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Thread lifts versus surgery

Article-Thread lifts versus surgery

facial aesthetics, thread lift, facelift

Thread-lifting techniques have evolved to provide satisfactory short-term results, particularly in the midface, said an expert at summer Cosmetic Bootcamp held June 21-24 in Aspen, Colorado. However, he added, thread lifting often works best in conjunction with other procedures such as fat injections and fat contouring. And even at its best, thread lifting cannot approach the results or longevity of specialized surgical results.

Choosing between thread lifts and surgical lifts requires knowing what patients want, and how long they want results to last, said Providence, Rhode Island-based plastic surgeon Patrick Sullivan, M.D. For patients who want to be ready for a near-term event, with little postprocedural downtime, he explained, thread lifts may suffice. But if patients can tolerate a longer recovery in pursuit of more beneficial and durable results, the pendulum swings toward surgery.

After the original non-resorbable barbed sutures became available, said Dr. Sullivan, many patients who had undergone the procedure elsewhere presented at his practice with threads protruding through their skin. Newer resorbable barbed threads are little better, he said. "Those hooks don't seem to do the job as well as some of the other technologies."

The cone-and-suture structure of the Silhouette Instalift (Sinclair) is much more effective, said Dr. Sullivan. In the perioral area, he said, the bidirectional cones seem better able to lift and hold tissue in position. Over time, the polyglactin (glycolide/L-lactin or PGLA) material of which they are made resorbs into the body, forming a temporary filler, as polymethylmethacrylate does.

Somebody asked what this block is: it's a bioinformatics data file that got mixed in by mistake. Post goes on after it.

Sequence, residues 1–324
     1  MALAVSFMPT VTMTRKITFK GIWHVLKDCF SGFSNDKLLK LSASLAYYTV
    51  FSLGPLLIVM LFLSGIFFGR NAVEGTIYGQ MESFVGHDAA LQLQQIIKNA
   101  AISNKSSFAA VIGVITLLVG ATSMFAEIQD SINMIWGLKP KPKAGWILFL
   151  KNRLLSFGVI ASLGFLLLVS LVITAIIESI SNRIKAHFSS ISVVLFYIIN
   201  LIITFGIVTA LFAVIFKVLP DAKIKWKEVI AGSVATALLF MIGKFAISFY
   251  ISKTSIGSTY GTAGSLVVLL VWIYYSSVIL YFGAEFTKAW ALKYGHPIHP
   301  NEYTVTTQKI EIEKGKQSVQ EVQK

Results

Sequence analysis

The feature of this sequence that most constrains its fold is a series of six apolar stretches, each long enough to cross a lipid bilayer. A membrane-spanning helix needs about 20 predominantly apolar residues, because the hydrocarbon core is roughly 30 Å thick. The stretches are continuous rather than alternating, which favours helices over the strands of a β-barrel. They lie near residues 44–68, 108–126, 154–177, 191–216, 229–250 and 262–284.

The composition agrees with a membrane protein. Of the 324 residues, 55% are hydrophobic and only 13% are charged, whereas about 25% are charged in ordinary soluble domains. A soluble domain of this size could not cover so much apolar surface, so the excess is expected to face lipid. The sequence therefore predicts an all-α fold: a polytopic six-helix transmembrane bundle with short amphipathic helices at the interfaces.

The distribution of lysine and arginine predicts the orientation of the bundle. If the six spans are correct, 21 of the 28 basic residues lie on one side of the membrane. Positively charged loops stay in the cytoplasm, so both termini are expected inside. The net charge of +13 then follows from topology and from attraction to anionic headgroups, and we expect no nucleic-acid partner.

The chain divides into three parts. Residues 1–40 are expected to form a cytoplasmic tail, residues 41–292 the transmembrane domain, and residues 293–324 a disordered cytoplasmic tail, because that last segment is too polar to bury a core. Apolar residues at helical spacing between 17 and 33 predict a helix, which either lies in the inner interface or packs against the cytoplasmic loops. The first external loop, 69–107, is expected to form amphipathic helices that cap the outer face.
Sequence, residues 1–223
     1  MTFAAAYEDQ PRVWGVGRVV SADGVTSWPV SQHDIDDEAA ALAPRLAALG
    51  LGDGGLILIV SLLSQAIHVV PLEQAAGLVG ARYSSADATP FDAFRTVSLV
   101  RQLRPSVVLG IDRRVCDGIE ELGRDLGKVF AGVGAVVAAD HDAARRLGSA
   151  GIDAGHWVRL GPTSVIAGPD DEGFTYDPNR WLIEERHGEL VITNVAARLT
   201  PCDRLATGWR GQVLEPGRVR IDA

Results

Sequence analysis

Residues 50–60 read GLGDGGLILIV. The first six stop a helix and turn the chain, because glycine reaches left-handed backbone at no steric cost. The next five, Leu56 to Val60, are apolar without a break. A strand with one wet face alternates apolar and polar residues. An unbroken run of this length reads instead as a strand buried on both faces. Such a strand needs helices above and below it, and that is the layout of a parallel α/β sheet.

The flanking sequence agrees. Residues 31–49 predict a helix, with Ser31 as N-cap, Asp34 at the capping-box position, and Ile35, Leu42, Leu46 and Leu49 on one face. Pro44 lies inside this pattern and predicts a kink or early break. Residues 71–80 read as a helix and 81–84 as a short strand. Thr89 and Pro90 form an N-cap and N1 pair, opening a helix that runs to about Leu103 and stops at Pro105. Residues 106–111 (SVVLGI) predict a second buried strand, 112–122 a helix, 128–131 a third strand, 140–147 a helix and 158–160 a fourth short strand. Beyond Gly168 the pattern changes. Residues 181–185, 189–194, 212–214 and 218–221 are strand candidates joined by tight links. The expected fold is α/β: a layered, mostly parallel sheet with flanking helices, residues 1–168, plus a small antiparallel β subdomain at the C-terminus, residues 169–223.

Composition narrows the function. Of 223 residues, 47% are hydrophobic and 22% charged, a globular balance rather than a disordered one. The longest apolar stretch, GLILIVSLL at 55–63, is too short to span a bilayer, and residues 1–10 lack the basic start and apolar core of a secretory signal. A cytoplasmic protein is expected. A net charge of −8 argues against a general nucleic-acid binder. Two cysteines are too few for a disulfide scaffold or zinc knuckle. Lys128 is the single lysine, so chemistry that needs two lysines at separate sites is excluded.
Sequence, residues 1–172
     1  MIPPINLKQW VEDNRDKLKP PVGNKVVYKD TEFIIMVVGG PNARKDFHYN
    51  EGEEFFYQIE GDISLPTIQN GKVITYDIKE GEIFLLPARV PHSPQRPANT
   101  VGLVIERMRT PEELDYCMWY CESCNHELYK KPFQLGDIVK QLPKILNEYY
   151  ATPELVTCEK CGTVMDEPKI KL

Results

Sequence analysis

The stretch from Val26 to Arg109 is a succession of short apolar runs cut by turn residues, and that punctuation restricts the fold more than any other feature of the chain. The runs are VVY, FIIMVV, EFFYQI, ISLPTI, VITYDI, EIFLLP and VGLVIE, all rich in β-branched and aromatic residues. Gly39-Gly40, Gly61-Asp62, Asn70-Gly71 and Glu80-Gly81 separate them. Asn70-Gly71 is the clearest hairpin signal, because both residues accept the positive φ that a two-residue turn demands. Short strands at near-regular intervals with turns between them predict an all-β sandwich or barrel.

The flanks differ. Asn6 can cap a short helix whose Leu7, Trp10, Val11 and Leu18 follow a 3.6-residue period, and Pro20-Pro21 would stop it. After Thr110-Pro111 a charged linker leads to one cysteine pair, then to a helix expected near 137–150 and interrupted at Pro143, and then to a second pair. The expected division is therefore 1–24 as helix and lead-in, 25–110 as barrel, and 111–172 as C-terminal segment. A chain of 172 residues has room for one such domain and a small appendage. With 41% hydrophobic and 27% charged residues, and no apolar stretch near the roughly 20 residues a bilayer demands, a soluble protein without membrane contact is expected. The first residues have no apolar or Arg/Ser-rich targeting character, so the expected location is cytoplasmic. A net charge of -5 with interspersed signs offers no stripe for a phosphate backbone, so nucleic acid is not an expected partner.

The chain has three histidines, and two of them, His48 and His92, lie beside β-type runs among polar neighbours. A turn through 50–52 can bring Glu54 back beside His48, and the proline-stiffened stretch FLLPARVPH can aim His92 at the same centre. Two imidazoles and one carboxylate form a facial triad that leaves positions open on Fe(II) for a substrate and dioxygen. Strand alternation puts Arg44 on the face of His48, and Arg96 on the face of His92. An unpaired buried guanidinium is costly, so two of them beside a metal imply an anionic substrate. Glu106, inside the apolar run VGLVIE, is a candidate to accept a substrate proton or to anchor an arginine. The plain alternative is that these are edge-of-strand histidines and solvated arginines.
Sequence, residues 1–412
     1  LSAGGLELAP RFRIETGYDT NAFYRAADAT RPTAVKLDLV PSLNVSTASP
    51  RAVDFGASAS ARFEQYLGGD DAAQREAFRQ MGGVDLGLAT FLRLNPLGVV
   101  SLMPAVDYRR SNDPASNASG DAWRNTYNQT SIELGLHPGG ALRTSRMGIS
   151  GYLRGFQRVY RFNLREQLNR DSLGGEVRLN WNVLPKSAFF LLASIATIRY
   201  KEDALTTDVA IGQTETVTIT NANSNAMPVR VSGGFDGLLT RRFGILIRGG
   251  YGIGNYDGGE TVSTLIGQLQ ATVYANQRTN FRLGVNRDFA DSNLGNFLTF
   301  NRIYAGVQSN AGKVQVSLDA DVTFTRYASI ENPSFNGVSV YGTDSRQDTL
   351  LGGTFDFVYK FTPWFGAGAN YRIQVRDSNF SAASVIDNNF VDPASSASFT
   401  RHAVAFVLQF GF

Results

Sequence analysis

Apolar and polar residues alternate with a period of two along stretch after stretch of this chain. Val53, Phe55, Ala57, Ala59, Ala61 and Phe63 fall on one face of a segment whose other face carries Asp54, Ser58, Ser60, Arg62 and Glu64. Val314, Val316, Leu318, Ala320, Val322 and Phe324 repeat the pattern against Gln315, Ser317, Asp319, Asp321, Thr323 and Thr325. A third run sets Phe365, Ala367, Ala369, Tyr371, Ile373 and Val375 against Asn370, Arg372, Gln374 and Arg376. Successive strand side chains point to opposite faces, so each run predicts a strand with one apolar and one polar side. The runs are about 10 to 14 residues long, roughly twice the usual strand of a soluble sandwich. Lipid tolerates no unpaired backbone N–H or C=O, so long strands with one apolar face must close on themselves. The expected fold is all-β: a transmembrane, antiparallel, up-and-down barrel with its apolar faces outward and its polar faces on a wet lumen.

For perioral lifting, he marks three parallel entry points in the mid-cheek, which correspond to exit points in the upper cheek and perioral area. He then guides a long 18-gauge needle approximately 5 mm under the skin's surface to the upper-cheek exit point.

"You can see the different cones being brought through this one entrance site. This opening is not even made with a knife." Then he returns to the central entry point with the other end of the needle and anchors the other end of the suture in the perioral region. "It's very important to feed those cones in perfectly so they don't cause any tethering."

Next, gentle upward pushing across the length of the thread provides medial and lateral lifting as one locks the cones into place. "You can see this lifting, right on the table, which I find very satisfying."
Nobody knows how long Instalift results last, said Dr. Sullivan. He advised curbing patients' expectations regarding both duration and the procedure's effect. "The limited results I get are very different from what I get from surgery."

Patient selection is critical. One patient he treated underwent surgical blepharoplasty, then decided three days later that her face needed lifting. But she had to return to work the following week. "When you have somebody who wants something extra to better match their upper face, the Instalift is a possibility to consider." For this patient, he said, the procedure provided modest lifting in the perioral area, and with threads along the jawline as well, but nothing in the neck.